The lifespan of technology is such that it’s hard enough to buy a computer that will last you more than three years, let alone be state of the art after 6 months. So when Gartner Group – an information and technology research and advisory firm – releases their “Top 10 Technologies” list, it isn’t for “the next decade,” but rather “for the next four years.”
Such a list has just been released by the world’s leading technology research center, and appears below.
1. Multicore and hybrid processors
2. Virtualization and fabric computing
3. Social networks and social software
4. Cloud computing and cloud/Web platforms
5. Web mashups
6. User Interface
7. Ubiquitous computing
8. Contextual computing
9. Augmented reality
Now even for me, some of these words are fine on their own, but when compared to each other, or to technology, I get a little baffled. So I’m going to go through them one by one, and see what they all mean.
Multicore and hybrid processors
The most popular and widespread use of multicore processors at the moment belongs to the Intel Core 2 Duo and Quad Core chipsets that are bringing processor speeds in retail computers up and up. The future of this will see computing speeds continue to rise as we move in to the realm of 8 cores, and up. And while there aren’t really any retail programs that are going to make much use of this, the science community and other such groups will be able to make the most out of higher processor speeds.
Virtualization and fabric computing
Virtualization is, in one example, the ability to run Windows Vista applications on a Mac laptop running Leopard. It allows for programs from two operating systems – with their pros and cons – to be used on the same computer, without the need for a second box sitting around, and without the need to emulate the hardware. (Thanks to my friend JB for helping me work this one out.)
Social networks and social software
This is not a category that needs much in the way of explanation. However its uses will, eventually, grow to expand past the frivolous and social uses that we see in sites like Facebook and MySpace.
Programs like Second Life are already hosting business meetings, and websites like LinkedIn is providing people with the means to get in touch with people within their own fields, businesses and groups.
Cloud computing and cloud/Web platforms
Cloud computing is definitely going to be a big part of our future, and well beyond four years as well. The theory exists that we will not necessarily be hosting our information on one computer or device, but rather in the clouds – over the internet or whatever process follows – and are thus accessible via our work computers, home computers, personal devices and all over.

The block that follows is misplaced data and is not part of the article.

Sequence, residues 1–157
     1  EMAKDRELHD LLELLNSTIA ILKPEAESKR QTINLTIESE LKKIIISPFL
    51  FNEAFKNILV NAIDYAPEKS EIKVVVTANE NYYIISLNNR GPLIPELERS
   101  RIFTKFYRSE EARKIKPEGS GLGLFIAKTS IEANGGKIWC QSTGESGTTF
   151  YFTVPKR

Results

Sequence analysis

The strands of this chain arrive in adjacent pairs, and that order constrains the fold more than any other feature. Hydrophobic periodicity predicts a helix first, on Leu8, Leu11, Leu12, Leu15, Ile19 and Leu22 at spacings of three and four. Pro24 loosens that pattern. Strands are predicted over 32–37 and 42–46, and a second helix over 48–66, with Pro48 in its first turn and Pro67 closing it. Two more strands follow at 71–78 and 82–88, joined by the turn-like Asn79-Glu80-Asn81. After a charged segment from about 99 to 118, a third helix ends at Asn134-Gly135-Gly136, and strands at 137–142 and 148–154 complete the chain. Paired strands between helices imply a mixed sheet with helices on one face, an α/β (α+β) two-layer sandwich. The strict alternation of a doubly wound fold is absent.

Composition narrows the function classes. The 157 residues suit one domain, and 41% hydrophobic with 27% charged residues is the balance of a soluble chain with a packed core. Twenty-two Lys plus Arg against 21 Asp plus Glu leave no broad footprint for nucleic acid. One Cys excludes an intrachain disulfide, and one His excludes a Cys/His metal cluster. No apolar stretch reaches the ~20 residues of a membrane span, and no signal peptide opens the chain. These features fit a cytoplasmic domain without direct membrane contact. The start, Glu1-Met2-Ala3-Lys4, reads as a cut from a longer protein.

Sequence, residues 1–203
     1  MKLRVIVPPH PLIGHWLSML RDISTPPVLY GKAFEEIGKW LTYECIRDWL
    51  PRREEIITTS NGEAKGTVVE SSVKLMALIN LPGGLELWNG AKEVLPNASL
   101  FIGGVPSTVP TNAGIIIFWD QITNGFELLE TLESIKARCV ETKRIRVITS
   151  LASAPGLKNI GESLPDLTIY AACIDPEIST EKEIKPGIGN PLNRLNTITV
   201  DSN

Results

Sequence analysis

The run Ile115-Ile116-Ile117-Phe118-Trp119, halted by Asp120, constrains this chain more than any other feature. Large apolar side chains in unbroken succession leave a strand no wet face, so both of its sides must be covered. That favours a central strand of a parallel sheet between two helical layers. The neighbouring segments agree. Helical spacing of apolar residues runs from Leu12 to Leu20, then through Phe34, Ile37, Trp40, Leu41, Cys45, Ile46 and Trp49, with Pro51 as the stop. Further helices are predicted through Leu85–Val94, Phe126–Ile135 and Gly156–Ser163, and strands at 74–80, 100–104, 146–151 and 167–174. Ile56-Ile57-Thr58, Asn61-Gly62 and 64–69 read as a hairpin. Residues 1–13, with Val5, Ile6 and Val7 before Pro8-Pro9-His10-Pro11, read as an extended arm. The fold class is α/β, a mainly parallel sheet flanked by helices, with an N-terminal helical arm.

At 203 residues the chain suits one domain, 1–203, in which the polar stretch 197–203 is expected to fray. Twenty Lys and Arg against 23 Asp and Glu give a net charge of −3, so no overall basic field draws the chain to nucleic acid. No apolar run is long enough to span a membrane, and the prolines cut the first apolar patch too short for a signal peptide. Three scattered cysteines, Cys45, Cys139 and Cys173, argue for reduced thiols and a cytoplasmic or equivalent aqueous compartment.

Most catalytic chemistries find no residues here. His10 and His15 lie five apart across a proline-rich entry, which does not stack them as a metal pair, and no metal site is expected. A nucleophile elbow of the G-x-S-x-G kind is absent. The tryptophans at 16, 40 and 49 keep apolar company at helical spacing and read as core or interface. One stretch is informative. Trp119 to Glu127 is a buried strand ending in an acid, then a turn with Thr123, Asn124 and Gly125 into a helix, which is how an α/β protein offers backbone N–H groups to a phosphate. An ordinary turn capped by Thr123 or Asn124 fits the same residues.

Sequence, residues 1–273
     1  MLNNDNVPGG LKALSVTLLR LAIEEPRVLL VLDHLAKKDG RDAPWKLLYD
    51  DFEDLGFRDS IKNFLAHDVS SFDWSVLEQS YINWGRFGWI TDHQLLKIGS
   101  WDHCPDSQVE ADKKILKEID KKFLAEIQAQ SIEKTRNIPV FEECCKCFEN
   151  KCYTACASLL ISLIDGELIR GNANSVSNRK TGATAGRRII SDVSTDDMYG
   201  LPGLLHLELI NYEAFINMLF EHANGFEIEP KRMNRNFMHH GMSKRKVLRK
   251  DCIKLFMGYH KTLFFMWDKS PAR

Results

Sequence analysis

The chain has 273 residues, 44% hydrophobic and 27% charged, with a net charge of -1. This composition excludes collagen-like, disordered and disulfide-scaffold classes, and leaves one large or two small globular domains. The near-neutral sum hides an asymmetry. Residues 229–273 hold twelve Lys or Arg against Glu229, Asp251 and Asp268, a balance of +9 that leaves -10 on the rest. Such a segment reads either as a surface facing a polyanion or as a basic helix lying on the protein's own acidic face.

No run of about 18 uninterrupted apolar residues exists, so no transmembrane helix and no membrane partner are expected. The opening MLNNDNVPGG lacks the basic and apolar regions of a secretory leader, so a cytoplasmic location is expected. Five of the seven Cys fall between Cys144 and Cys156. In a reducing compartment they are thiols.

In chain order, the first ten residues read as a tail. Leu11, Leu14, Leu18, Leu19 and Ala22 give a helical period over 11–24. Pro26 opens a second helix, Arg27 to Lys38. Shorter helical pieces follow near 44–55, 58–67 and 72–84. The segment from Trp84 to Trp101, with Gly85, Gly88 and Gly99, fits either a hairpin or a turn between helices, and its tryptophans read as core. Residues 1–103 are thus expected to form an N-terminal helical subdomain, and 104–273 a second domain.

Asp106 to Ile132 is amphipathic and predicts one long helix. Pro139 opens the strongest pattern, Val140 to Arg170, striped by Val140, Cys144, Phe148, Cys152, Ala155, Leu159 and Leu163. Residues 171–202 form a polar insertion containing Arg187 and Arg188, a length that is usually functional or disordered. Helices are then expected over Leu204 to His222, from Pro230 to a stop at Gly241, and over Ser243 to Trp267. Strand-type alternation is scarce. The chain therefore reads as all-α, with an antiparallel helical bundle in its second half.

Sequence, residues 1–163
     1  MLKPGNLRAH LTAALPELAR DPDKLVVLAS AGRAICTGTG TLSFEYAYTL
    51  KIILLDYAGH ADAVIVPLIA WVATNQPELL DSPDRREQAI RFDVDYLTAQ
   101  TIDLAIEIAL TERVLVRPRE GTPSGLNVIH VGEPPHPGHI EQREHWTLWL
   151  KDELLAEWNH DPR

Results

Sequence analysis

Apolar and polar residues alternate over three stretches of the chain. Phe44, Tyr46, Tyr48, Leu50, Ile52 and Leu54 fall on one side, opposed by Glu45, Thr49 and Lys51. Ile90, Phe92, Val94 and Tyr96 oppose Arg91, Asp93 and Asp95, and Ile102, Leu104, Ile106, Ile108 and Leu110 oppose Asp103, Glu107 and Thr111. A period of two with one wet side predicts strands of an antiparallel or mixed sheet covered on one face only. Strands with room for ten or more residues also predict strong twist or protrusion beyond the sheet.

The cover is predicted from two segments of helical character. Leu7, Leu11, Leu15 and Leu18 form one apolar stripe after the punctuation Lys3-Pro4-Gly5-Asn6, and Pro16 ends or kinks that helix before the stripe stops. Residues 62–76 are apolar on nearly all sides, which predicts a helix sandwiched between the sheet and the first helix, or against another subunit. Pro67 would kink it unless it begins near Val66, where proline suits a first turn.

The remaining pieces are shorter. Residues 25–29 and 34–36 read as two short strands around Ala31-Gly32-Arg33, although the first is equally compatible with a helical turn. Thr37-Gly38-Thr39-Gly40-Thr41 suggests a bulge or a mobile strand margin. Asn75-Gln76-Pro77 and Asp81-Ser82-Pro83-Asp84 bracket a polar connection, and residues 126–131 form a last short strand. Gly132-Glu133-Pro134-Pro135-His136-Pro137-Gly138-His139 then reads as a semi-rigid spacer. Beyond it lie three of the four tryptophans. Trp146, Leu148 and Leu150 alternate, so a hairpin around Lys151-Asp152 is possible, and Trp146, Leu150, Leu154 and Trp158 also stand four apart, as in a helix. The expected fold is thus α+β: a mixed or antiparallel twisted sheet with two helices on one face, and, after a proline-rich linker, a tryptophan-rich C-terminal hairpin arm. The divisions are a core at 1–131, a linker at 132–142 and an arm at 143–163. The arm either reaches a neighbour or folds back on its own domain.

The best example of a web mashup is provided by Google Maps, which combines two web services – in one instance, Google Maps and real estate information – and combines them to provide you with real estate information on Google Maps.
So, in essence, it’s the combination of two web services to create a new and more useful application.
User interface, or UI, is definitely going to shift over the next few years. Bill Gates has just been quoted as saying that the mouse is going to be obsolete in a few years, replaced by touch screens. The iTouch and the Microsoft Surface are examples of the touch screen technology that Gates is referring too; using your fingertips to control, resize, move and change anything from images to data sets.
Want your fridge connected to the internet so that it can order the milk when it goes bad? Want to turn on the lighting or heating when you are on your way home from work? Want your life to be interconnected by the devices you use? Ubiquitous computing is also, funnily enough, called pervasive computing.
In addition, it means that, akin to cloud computing, your information can follow you from device to device. JB – who has helped me out with this article – describe that he wants “the football game to follow” him around. In other words, he sits in the car listening to the audio of the game, walks in to the house to his TV where it is then on, and then upstairs to his computer where it is then on.
This is basically the idea that your computing devices will be able to perform based on whatever context you find yourself in. For example, when you undock your laptop from your work dock is it 12pm or 5pm. In other words, are you heading to a meeting – and thus don’t need anything special – or are you heading home, and thus need your calendar updated and emails checked?
This is also going to be used for mobile devices such as your phone. A recent grant was provided by Google to students at MIT for developing an application for the Android platform, that allowed the device it was on to sense whether you were outside, in a meeting or at home, thus allowing the device to swap profiles accordingly.
We’ve often seen examples of this in futuristic movies. Those people wearing the goggles or with the contact lenses that pop up video calls, text, pictures, etc, that’s what we’re talking about when we use the term augmented reality. It’s basically augmenting your real-world reality with technology. (Thanks again to JB for help with this.)
The semantic web is a term that is being thrown around a lot these days, and is, and it’s most basic level, the ability for a search engine to understand what you are talking about. In the future, the ability for a computer to understand what you are asking it – within context, rather than just by popularity as most search algorithms are based – will enhance our ability to get our work done quicker.
If you want a very basic concept of what Gartner are suggesting, then it is basically that technology in the future will make us all very lazy. It could be spun to say that we’ll all be more efficient, but I have a deep and intricate relationship with humanity, and I know that those who choose efficiency over laziness are far and few between.
Posted by Josh Hill.